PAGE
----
August 29, 1997 – NYC

In The Terminator, there’s a scene where Sarah Connor is told a speech by John Connor’s father, that John Connor’s father heard from John in the future.

John is born, Sarah tells John the speech, and then John grows up and tells it in the future.

…so who wrote the speech?

I now understand why my father owned a handful of Cadillacs. They are like driving inside a big couch. A big, $70,000 couch with 300hp and power 4-way lumbar controls.

It was worth every penny we paid Hertz. Do you know what it’s like to drive to NYC, and not have your legs or ass hurt when you get there?

I could go on about the car, but I will leave you with this: After crossing the border to the US, we switched the onboard controls from metric to imperial, and promptly forgot that the readout was now in MPH instead of KPH. We went up to about 100-110MPH before we noticed that the cars ahead seemed to be approaching at an alarming rate. The ride is just that smooth.

New York City was very big. Overwhelmingly so.

Even more impressive than the physical scale of the city was the economic scale. Where else in the world can you support a video game store that only sells retro/weird consoles, like $500 Intellivision and Coleco bundles, or Hello Kitty Dreamcasts?

I’m having a hard time writing any of this without sounding like a tourist.

Greenwich Village was blindingly fantastic, and anything else I say on the area would be a massive understatement. The rest of Manhattan was a bit too much for me at times, to be honest. Too much money, too many shiny things. It was like a giant set of <BLINK> tags had encapsulated the borough. I much preferred the architecture (and renegade craps games) of Brooklyn, or the back to back graffiti walls of Harlem.

The Siouxsie show was fantastic. Performing with her were Budgie, Knox Chandler (guitarist/multi-instrumentalist from The Psychedelic Furs and countless other bands), Kris Pooley (keyboardist from Jane’s Addiction), and Leonard Eto (from Kodo, widely considered the world’s preeminent master of Taiko drumming).

Again, anything I say about the performance will be wildly misleading, simply because I don’t have adjectives large enough. Instead, I’ll tell you that someone made the mistake of fucking with Leslie at the show (we got your back, ), and Leslie made the shitheaded sonofabitch cry like a girl.

Didn’t know who they was fuckin with.

Back in town, the show on Tuesday was great, aside from the (surprise!) turnout. Luckily, our expenses for this show were very small. A rental van, some food and spending money, a few dollars, and flyers. It’s hard not to break even, really, given those expenses — but it was close, for a while.

There seems to be a new crowd that is starting to come out to the shows, I didn’t recognize at least half of the crowd, and they all seemed to have a blast. I would very much like to see more of them, they seemed more interested in participating than complaining and sniping.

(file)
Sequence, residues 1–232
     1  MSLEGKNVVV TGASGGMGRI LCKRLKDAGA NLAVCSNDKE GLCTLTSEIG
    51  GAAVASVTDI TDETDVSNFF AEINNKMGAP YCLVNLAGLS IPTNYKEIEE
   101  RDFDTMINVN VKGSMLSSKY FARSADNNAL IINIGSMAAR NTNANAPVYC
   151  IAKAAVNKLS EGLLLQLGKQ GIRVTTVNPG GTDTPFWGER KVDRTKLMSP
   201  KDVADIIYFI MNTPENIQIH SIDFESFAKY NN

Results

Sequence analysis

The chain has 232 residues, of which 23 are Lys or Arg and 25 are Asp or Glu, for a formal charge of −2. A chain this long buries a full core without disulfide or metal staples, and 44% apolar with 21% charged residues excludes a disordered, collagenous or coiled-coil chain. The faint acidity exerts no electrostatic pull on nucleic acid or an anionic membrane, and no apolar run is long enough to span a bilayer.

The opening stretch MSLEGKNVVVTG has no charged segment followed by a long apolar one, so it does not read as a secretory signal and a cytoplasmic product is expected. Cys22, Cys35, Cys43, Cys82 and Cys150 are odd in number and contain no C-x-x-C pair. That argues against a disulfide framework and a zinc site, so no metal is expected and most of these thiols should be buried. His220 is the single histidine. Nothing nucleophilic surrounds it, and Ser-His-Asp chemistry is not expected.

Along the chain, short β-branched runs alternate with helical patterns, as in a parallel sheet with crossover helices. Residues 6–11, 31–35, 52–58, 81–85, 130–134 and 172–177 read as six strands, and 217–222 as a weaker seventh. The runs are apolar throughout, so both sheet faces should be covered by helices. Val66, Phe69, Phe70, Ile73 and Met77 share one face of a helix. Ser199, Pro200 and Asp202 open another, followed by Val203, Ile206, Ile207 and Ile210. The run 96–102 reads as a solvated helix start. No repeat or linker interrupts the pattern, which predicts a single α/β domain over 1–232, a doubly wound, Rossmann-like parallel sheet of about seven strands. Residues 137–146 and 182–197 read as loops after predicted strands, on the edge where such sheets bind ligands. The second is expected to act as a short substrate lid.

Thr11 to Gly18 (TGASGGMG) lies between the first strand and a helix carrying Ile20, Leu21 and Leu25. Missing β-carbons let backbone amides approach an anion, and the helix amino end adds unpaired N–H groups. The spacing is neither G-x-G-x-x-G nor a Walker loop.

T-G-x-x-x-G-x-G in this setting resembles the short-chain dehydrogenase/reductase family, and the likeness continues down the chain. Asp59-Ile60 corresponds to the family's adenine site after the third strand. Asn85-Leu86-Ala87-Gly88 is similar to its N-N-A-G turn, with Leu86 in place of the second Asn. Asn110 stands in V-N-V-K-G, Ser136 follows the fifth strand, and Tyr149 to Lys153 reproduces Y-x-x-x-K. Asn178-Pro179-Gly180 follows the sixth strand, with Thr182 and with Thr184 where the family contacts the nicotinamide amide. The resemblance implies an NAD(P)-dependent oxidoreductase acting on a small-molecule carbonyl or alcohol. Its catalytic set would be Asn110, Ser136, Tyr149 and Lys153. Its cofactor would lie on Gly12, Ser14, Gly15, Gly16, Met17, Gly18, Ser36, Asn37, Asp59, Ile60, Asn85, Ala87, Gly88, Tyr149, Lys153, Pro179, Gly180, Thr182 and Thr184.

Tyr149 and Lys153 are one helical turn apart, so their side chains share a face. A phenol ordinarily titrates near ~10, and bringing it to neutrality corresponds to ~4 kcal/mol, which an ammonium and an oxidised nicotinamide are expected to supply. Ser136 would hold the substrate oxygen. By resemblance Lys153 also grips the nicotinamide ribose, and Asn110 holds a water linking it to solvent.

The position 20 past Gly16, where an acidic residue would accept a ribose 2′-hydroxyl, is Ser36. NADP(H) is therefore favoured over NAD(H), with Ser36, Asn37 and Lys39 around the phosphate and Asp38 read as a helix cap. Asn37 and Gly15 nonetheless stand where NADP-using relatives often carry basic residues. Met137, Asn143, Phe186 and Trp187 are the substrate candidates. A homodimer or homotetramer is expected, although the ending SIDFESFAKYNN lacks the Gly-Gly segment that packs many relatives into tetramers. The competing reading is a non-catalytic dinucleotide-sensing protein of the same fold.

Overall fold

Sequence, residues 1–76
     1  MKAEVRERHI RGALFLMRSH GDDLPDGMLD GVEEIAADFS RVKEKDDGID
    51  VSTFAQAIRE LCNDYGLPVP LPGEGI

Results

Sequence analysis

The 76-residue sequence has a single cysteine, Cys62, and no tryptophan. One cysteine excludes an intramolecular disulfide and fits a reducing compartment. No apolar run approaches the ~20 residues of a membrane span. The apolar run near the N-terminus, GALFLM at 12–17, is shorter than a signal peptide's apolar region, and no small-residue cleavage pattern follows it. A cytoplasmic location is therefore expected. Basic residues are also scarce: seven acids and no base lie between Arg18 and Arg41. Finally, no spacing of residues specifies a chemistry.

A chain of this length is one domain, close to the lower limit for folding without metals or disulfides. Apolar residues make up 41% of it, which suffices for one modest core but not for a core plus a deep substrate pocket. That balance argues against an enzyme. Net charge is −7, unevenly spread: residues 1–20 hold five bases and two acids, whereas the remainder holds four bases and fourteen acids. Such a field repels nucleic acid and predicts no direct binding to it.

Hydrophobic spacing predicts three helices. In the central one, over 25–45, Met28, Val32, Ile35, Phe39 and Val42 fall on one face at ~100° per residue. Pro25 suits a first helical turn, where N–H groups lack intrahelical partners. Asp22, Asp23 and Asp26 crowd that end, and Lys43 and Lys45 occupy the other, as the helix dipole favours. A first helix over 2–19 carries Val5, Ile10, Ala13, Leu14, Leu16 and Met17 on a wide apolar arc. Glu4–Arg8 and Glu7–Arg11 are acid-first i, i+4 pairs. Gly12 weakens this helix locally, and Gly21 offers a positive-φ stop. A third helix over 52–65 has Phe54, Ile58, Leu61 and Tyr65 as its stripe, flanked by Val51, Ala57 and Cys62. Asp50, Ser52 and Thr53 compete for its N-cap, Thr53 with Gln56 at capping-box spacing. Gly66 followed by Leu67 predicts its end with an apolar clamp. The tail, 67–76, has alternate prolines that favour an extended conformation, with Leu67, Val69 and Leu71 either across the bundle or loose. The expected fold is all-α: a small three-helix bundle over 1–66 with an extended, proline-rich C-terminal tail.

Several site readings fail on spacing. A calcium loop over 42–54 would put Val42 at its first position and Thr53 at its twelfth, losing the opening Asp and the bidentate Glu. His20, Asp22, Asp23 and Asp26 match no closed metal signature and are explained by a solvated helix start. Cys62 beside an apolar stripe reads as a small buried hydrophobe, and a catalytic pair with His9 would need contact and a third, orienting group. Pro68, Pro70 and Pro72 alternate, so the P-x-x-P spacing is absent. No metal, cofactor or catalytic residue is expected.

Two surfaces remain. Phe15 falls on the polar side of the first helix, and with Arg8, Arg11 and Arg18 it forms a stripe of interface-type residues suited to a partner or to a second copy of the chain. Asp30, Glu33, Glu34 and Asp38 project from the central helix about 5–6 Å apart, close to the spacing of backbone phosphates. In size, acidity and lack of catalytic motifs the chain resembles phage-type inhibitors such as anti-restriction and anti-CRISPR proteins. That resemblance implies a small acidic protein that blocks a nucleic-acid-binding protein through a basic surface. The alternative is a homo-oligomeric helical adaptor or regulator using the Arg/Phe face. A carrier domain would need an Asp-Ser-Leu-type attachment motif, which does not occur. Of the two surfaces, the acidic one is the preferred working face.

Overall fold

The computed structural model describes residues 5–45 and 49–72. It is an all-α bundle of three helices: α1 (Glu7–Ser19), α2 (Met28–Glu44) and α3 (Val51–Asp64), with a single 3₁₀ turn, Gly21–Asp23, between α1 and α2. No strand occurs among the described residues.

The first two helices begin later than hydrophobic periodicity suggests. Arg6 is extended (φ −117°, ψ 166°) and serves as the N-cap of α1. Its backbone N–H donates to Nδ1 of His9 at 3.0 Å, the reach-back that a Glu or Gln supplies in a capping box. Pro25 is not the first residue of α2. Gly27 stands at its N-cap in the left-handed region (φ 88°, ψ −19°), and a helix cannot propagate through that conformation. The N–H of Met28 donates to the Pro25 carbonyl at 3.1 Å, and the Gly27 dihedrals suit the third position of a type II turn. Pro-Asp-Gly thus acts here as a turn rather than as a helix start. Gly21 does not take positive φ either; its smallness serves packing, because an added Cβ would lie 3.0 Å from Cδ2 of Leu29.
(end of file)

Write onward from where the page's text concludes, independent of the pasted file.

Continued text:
It’s hard, though, to tell if some of the new people are being friendly because they’re friendly people, or because I’m the complete stranger with blue hair who hangs out in the DJ booth. Anyone who’s ever played a show outside their hometown will know exactly what I mean.

It was great to finally meet Caitlin, after chatting online for the last seven years or so, which is almost long enough ago that meeting people online got you strange looks from your friends.

She is smart, clever, and capable. She’d do very well here, or overseas, or anywhere she chooses to be. Here’s hoping she’ll make the choice.

18 thoughts on “August 29, 1997 – NYC

  1. NYC is awesome. I trip there at least yearly and frequently do the DJ thing there. I’m signed up to do so again in October, before sliding southwards and turning it into a tour.

    Budgie played? Honestly? I’ve seen their CDs but ne’er bought one nor listened to one. I found the name… quaintly humourous.

    NYC is… I could live there for about three years. Then I would have to leave. No questions. Gone. Central park is incredible.
    I could wander there for ages and ages.

    And yup, a Caddy is one sweet ride *grin*

  2. In The Terminator, there’s a scene where Sarah Connor is told a speech by John Connor’s father, that John Connor’s father heard from John in the future.

    John is born, Sarah tells John the speech, and then John grows up and tells it in the future.

    …so who wrote the speech?

    James Cameron.

  3. Budgie played. Honestly. Seeing him and Leonard Eto jam on drums together at the end of the show was pretty fucking wicked.

    Everytime he looked at Siouxsie, he got this big goofy thats-my-wife-singing grin on his face. It was really sweet.

  4. Actually it was Doc Brown who wrote the speech after having a conversation with Augustine… anyways, he bounced it off of Marty McFly and McFly used it in an attempt to impress Linda Hamilton to get her nice and nekkid. When that didn’t work (for him because I got to her first), McFly travelled back to the future and told John Conner at the same time that I was ‘telling’ Sara Conner. While all this was going on, the Doctor (who? you don’t know? well then, have a spot of tea old chap!) told all of us just to make sure that we were stuck in a time loop… a time loop… a time loop…

    Luckily Dr Beckett stepped into the Project Accelerator prematurely and leaped into James Cameron.

  5. makes me sound so mean! i didn’t know they were crying, i was too busy tryin’ to watch the show…hey, siouxsie thought it was funny…besides they were acting like an asshole ;)

  6. I think I am going to spend some more time in NY in the future… maybe after my trip, maybe it will be a good place to try some auditions… just for fun!!!

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